I realize it's different than physical goods where the store buys physical products for $X and can sell them for whatever they want since these are digital goods.  But I still don't see why publishers can't charge Amazon $X per copy sold and let Amazon sell it to consumers for whatever they want.  It's Amazon's loss if they want to sell books for lower profit or even a loss, just like it is for retailers of physical goods.

    So what I was saying is I'm fine with publishers setting MSRP and what price they charge retailers, but not with the way it works now where they dictate what price retailers can actually charge.

    Offline kindlegrl81

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    Re: Proof that people aren't going to stand for agency pricing?
    « Reply #10 on: March 06, 2011, 04:29:00 pm »
    But your first post said you have no issue with Agency Pricing  ??? Last I checked that is all Agency Pricing is so it sounds like you do have an issue with it.

    Offline Tuttle

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    Re: Proof that people aren't going to stand for agency pricing?
    « Reply #11 on: March 06, 2011, 04:36:30 pm »
    mooshie, that is exactly the difference between agency pricing and before though. Before amazon was taking a loss on some books in order to make them $9.99 to fit with their advertisements, and paying the publishers based off of a recommended price, as well as listing the recommended price. The agency pricing model is exactly that amazon, or any other ebook seller, isn't allowed to alter from the recommended price, rather than using it as a recommendation and the price to be paying the publisher based off of.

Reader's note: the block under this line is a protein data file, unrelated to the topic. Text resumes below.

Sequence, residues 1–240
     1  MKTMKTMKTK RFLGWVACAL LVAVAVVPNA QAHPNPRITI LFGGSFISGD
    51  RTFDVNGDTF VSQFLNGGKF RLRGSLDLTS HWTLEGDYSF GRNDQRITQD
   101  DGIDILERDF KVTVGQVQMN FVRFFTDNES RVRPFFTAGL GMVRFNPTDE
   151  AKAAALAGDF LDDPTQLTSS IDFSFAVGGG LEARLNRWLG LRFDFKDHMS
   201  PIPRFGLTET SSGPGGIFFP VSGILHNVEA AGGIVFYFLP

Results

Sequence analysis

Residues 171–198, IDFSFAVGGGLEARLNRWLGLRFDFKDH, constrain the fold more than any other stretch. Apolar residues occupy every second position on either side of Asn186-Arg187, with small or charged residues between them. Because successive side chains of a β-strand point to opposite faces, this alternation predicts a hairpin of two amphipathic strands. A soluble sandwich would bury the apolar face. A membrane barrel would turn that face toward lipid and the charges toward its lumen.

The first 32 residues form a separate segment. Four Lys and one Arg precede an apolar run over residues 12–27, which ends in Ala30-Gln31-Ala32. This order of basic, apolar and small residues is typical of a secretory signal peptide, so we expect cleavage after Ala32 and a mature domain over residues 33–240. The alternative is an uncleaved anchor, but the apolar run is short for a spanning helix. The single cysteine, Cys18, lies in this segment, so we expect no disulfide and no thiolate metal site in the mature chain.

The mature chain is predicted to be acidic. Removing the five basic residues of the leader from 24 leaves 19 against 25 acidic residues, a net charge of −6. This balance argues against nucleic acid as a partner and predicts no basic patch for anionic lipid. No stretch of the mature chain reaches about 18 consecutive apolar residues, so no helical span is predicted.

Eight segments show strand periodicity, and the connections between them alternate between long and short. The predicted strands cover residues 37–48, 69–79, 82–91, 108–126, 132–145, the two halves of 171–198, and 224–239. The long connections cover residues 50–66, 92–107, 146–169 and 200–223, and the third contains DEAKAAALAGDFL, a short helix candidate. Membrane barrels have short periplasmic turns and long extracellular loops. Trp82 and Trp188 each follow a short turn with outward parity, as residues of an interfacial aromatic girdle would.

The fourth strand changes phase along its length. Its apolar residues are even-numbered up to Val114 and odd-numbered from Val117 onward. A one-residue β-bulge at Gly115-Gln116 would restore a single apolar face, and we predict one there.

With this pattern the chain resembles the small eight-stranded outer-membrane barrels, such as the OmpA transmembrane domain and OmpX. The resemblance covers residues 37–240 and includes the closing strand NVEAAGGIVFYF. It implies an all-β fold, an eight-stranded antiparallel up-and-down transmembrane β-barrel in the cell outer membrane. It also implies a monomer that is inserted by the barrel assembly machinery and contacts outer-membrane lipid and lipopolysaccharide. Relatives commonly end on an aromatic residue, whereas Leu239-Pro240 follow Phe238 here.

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    Offline Sandpiper

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    Re: Proof that people aren't going to stand for agency pricing?
    « Reply #12 on: March 06, 2011, 09:33:39 pm »
    I do wonder if more people placed books on their wish lists (or maybe even their carts) but did not follow through would get someone's notice:  People want those books but are not ready for them at the price they are being offered for.

    Might be a good idea to put digital books in your cart and leave them there -- except you can't.  E-books only sell via 1-click.  No cart involved.
     
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    Offline pahiker

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    Re: Proof that people aren't going to stand for agency pricing?
    « Reply #13 on: March 07, 2011, 05:12:37 am »
    I personally haven't, and won't pay over $9.99 for any book.  That was the big draw when I purchased my K2!

    Offline mooshie78

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    Re: Proof that people aren't going to stand for agency pricing?
    « Reply #14 on: March 07, 2011, 06:07:38 am »
    mooshie, that is exactly the difference between agency pricing and before though. Before amazon was taking a loss on some books in order to make them $9.99 to fit with their advertisements, and paying the publishers based off of a recommended price, as well as listing the recommended price. The agency pricing model is exactly that amazon, or any other ebook seller, isn't allowed to alter from the recommended price, rather than using it as a recommendation and the price to be paying the publisher based off of.